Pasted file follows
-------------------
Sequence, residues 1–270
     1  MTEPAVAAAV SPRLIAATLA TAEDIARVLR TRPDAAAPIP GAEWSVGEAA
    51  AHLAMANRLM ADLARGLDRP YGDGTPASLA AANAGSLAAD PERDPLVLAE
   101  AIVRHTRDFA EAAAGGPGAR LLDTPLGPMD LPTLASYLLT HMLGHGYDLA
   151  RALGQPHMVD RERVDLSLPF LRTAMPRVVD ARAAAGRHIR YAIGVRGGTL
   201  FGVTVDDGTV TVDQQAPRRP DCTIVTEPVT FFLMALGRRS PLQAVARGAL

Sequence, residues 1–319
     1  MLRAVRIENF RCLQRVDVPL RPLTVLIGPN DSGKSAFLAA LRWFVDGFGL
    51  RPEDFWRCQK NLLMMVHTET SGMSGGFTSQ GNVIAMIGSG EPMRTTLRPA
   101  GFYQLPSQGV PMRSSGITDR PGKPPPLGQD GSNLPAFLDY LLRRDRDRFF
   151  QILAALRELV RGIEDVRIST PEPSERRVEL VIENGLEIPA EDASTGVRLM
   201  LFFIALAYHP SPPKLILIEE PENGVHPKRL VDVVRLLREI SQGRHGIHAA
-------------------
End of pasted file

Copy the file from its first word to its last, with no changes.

Sequence, residues 1–270
     1  MTEPAVAAAV SPRLIAATLA TAEDIARVLR TRPDAAAPIP GAEWSVGEAA
    51  AHLAMANRLM ADLARGLDRP YGDGTPASLA AANAGSLAAD PERDPLVLAE
   101  AIVRHTRDFA EAAAGGPGAR LLDTPLGPMD LPTLASYLLT HMLGHGYDLA
   151  RALGQPHMVD RERVDLSLPF LRTAMPRVVD ARAAAGRHIR YAIGVRGGTL
   201  FGVTVDDGTV TVDQQAPRRP DCTIVTEPVT FFLMALGRRS PLQAVARGAL

Sequence, residues 1–319
     1  MLRAVRIENF RCLQRVDVPL RPLTVLIGPN DSGKSAFLAA LRWFVDGFGL
    51  RPEDFWRCQK NLLMMVHTET SGMSGGFTSQ GNVIAMIGSG EPMRTTLRPA
   101  GFYQLPSQGV PMRSSGITDR PGKPPPLGQD GSNLPAFLDY LLRRDRDRFF
   151  QILAALRELV RGIEDVRIST PEPSERRVEL VIENGLEIPA EDASTGVRLM
   201  LFFIALAYHP SPPKLILIEE PENGVHPKRL VDVVRLLREI SQGRHGIHAA